Throughout the first third of the Andalusian Bull, the natural tobacco notes had a nice mesquite component mixed in. Meanwhile, I still picked up the graham cracker and pepper notes. During this stage, a savory note emerged. I don’t like picking strange flavor notes out of left field, but this one was almost like a sweet beet with some spice mixed in.
During the second third, the natural tobacco notes remained primary. I found the mesquite and graham cracker notes moved in and out of the forefront. The savory (beet-like) note was still present, but as the Andalusian Bull entered the second half, this note diminished.
By the last third of the Andalusian Bull, the pepper-spice notes joined the natural tobacco in the forefront. The mesquite notes were still very much present. The savory and graham cracker notes were nearly dissipated. While I loved the uniqueness of the first two thirds of this cigar, the last third was more average. As the Andalusian Bull came to a close, the resulting nub was slightly soft to the touch and cool in temperature.
Burn and Draw
Overall the La Flor Dominicana Andalusian Bull’s burn performed well. There was some jagged-ness on the burn line from time to time, but this was remedied with some touch-ups. At the same time, the Andalusian Bull maintained a straight burn path and was never in danger of tunneling nor canoeing. The resulting ash had a silver gray color to it and was slightly on the looser side. The burn rate and burn temperature were both ideal.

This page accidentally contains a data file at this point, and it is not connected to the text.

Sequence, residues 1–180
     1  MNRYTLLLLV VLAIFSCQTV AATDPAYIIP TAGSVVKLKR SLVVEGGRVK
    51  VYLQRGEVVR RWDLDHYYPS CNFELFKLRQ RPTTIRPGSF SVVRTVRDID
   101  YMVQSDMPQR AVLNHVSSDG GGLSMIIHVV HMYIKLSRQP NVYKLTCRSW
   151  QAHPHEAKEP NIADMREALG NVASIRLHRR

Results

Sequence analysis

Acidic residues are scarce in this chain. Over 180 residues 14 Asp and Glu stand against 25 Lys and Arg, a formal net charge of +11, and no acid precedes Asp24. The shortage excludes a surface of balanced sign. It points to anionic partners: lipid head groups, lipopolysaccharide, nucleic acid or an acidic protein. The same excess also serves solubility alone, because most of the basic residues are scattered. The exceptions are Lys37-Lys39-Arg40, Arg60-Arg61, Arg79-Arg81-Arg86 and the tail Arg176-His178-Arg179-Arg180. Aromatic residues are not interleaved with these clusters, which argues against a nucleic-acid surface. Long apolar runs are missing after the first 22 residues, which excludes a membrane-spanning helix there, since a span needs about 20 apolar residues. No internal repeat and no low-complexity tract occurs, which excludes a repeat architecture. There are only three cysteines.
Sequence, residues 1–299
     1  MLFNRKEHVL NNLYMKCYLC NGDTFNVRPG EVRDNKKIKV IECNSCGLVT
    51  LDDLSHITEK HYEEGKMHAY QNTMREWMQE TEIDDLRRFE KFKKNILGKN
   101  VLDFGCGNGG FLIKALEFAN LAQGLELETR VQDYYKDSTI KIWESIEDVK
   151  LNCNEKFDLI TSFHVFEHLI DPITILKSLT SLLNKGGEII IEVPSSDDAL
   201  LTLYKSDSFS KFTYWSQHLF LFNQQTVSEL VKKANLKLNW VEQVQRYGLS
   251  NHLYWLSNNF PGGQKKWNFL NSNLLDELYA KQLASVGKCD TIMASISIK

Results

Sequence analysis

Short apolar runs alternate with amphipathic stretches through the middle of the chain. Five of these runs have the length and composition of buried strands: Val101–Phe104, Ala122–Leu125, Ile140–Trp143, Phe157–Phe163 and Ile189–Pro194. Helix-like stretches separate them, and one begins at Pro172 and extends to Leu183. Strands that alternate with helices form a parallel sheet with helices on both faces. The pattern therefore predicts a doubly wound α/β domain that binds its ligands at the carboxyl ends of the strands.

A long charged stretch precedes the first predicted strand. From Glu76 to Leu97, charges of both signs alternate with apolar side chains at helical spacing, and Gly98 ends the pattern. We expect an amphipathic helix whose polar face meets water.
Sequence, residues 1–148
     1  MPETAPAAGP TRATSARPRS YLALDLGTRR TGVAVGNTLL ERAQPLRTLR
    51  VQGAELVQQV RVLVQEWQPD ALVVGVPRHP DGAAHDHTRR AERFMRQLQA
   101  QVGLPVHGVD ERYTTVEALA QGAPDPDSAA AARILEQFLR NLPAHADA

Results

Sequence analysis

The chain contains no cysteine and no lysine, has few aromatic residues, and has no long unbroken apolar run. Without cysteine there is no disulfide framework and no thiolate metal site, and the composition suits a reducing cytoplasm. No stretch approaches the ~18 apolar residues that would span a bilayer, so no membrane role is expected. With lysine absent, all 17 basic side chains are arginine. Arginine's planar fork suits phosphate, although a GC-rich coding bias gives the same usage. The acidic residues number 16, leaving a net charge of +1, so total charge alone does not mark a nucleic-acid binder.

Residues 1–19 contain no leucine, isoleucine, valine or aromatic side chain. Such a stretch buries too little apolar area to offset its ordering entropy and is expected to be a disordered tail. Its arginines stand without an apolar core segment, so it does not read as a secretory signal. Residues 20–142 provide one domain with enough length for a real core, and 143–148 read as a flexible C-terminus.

Sometimes you cannot judge a book by its cover. When I first looked at this cigar, I was expecting a looser draw. This was definitely not the case. I found this cigar had an exceptional draw – with the resistance level was near perfect. The tapering by the cap helped mitigate the impact of smoking a big ring gauge cigar. Overall, the Andalusian Bull was a very enjoyable cigar to puff on.
Strength and Body
Again, I will apply the not judging a book by its cover analogy. Given La Flor Dominicana’s reputation for bold and powerful smokes and the fact that this cigar has the name “Andalusian Bull”, I was expecting a very bold smoke. Once again, this was not the case. Overall I found this to be a medium strength, medium to full-bodied smoke from start to finish. In the end, I found the level of strength and both meshed well with the flavor profile.
In terms of strength versus body, I gave a slight edge to the body.
2016 was a banner year for La Flor Dominicana. Even if Andalusian Bull didn’t garner the Cigar Aficionado ranking, I still would have had said La Flor Dominicana had a great year. The Andalusian Bull is an enjoyable cigar. It looks different, and it smokes different. As I said up front, it’s a great representation of the artistry and innovation coming out of La Flor Dominicana. Is it the best cigar out of La Flor Dominicana in the past couple of years? That’s a judgment call, but personally I still have the Small Batch No. 6 and TAA 48 cigars ahead of it. Still this is a cigar I’d recommend. It’s one I would gear toward an experienced cigar enthusiast. It’s a nice cigar for a novice to try something different – and one who wants to graduate to a “medium plus” cigar. As for myself, it’s one I would smoke again – and it’s worthy of a box split.
Key Flavors: Natural Tobacco, Pepper, Mesquite, Graham Cracker, and “Savory” notes
Burn: Very Good
Body: Medium to Full
Assessment: 3.5-Box Split
News: La Flor Dominicana Andalusian Bull at 2016 IPCPR Trade Show
Brand Reference: La Flor Dominicana
My shop just got these in a few days ago, I’m gonna have to swing by and grab one!